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My musical ramblings – gig and album reviews, music news and views

Kings of Convenience – Declaration of Dependence album review

Kings of Convenience - Declaration of Dependence

The fact that the days are rapidly drawing in really helped to set the scene for the second album from this indie folk-pop duo from Norway.

It’s no wonder that their musical creativity has always yielded a soft, hushed and acoustic sound. After all, they do work a considerable number of hours under the cover of darkness – something which always makes me view the Kings of Convenience and indeed, the whole Norwegian population as a rather quiet, contemplative lot.

And it was with that same seasonal mindset that I first listened to Declaration of Dependence, before being plunged into the warmth and cosiness of what is, unmistakably, a beautiful album.

It’s been five years since Erland Øye and Eirik Glambak Bøe released Riot on an Empty Street, but those signature lilting lullaby vocals and soft plucked guitars are still there to woo.

Opener, 24-25 gets everything off to a great start. It’s the musical equivalent of stew and crusty bread – simple and heart warming, comprised of pure elements which blend perfectly together leaving you thoroughly satisfied.  

Mrs. Cold has breezy and breathy guitars that make for another pleasing listen, whilst Me In You (no innuendos please – I’m sure these innocent chappies didn’t mean it that way) offers something similar, only this time with a soft tinkling of ivory. Both Boat Behind and Rule My World run along the same atmospheric, airy, autumnal vein and are packed full of descriptive lyrics, light hearted violins and stripped down acoustics.

There’s a vulnerability that reappears dotted throughout lyrics on the album. In Renegade, the Kings murmur, “Go easy on me I can’t help what I’m doing”, similar to 24-25’s, “Give me today or you will just scare me away”. I have yet to decide whether this underlying tone has the effect of melting the emotions or grating the nerves.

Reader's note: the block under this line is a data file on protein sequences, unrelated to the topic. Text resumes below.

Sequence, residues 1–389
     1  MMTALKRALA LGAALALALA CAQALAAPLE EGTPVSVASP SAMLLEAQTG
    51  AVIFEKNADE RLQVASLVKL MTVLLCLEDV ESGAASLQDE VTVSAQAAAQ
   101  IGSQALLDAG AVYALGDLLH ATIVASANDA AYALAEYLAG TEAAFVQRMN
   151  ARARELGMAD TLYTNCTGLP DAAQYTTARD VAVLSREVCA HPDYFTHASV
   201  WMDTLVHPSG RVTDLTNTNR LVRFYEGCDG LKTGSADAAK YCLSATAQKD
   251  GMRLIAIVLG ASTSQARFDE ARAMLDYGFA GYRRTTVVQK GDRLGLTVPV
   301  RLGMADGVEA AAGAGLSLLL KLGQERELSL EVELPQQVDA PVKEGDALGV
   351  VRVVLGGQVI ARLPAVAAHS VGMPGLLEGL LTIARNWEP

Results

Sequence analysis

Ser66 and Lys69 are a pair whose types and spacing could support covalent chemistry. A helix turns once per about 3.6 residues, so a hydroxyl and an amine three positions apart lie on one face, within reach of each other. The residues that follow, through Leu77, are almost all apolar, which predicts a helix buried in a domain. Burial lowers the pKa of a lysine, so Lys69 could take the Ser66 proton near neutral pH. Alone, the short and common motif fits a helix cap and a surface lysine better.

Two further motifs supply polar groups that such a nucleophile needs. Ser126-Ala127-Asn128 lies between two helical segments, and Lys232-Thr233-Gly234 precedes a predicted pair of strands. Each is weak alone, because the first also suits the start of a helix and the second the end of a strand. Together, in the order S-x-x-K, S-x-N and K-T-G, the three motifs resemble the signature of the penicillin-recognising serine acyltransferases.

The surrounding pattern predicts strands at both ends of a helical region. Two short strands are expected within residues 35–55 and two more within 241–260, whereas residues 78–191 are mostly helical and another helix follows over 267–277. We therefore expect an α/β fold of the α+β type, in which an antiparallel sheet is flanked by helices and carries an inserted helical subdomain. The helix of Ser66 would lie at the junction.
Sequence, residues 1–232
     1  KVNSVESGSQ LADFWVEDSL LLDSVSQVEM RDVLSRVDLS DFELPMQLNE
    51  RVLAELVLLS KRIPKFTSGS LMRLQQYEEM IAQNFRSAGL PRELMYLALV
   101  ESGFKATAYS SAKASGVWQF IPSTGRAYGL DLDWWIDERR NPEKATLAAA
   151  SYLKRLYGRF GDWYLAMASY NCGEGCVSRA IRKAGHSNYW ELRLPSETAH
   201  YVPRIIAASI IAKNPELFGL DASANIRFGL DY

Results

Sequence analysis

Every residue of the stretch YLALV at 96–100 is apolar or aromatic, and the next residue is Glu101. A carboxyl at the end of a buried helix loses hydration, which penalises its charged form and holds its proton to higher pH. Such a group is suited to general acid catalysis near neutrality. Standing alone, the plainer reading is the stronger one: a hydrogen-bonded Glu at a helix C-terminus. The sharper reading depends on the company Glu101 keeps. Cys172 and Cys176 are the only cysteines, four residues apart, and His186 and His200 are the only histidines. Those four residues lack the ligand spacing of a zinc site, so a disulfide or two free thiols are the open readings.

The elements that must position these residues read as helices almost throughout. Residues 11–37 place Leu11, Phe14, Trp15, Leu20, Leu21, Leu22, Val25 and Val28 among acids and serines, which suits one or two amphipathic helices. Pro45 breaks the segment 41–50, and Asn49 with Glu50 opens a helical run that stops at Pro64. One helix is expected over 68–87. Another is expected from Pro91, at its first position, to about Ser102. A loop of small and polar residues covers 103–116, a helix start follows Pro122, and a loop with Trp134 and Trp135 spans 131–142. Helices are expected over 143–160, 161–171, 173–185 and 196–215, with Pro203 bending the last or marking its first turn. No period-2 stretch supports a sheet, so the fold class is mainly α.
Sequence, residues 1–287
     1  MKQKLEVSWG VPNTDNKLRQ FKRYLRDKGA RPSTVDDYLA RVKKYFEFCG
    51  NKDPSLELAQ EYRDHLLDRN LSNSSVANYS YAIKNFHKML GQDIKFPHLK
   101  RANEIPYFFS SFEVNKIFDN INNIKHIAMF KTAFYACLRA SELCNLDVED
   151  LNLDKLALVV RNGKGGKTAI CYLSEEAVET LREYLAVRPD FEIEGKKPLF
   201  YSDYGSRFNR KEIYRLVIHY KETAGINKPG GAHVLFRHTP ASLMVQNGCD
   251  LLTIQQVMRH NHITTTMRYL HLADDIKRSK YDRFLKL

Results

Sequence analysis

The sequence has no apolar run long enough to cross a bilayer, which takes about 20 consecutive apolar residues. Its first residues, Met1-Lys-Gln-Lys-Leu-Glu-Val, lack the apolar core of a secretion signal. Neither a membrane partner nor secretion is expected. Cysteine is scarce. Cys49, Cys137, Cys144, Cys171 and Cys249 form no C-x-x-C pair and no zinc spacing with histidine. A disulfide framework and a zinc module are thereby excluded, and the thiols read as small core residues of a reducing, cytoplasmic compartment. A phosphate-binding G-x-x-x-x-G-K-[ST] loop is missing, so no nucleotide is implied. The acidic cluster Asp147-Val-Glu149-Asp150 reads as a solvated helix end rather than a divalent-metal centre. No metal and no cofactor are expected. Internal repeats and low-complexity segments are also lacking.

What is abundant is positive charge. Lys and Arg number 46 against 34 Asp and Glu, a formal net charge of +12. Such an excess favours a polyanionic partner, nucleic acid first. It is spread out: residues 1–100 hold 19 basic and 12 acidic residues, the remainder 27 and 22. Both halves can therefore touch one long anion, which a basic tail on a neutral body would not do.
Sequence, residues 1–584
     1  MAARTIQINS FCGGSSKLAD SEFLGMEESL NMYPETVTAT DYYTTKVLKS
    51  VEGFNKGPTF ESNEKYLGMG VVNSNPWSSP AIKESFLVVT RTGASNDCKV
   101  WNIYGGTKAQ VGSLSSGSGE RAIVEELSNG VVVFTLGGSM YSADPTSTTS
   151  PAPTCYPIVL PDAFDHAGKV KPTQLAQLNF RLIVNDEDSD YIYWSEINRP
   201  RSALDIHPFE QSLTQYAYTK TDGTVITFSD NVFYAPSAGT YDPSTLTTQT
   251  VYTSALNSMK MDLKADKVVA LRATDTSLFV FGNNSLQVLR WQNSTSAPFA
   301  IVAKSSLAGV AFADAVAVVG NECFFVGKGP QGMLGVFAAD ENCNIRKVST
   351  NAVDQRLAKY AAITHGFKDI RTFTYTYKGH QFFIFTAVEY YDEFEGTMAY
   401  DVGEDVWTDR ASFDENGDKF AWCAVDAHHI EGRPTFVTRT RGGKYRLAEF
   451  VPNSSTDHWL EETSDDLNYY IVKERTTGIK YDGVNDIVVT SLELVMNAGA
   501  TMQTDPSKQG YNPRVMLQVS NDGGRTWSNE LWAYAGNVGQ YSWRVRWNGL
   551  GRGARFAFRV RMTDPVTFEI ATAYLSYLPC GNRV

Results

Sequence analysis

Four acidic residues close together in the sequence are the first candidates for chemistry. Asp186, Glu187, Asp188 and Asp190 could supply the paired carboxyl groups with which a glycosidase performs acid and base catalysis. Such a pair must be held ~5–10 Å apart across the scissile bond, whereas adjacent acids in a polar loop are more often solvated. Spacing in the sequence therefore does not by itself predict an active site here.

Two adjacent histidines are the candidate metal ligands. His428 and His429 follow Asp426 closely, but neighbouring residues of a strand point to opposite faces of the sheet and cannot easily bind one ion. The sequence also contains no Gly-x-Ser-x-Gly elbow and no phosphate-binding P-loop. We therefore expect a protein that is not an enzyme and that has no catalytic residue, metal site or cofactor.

Still, whilst the reaction to some of the more ‘wouldn’t say boo to a goose’ lyrics probably depends on an individual’s sympathies at the time of listening, the vulnerability within the melodies is definitely welcome. The duo’s almost timid sounding instruments are what make the album so good to listen to. They have managed to create nuances in sound, shifts in volume levels and different ways of playing their instruments so that guitars become both percussion and tune holders and violins are rhythm as well as melody creators.

The Kings of Convenience haven’t tried anything new with Declaration of Dependence. Not that this is a significant criticism because to be honest five years is a hefty gap from which to escape the criticism of churning out the same material year upon year. And on top of that, they have improved with age.

Sometimes though, the lines between the tracks do get blurred and all that wholesomeness can start to sound like the backing track to a stock cube advert. And if we’re splitting hairs, if I pitted them against other bands loosely within their genre, I would always go for the more edgy, creative choices like Lemon Jelly or Air.

However, that’s not to take away from the fact that Declaration of Dependence is as atmospheric as it is beautiful and you almost can’t help yourself wanting to take a walk in the park amongst the falling leaves every time you listen.

7/10

Filed under: album review, , ,

The Cribs @ Leamington Assembly, Thursday 8th October

There is nothing wrong with being a straight up indie band with plenty of sing-a-long choruses to dance and drink beer to.

God bless The Cribs. The comfortingly down to earth three-now-four-piece from Waakkefield have a knack of reducing their audiences to a mass of worshipping sweaty bodies with their catchy choruses, which actually speak of a real musical intelligence masqueraded by their Yorkshire drawl.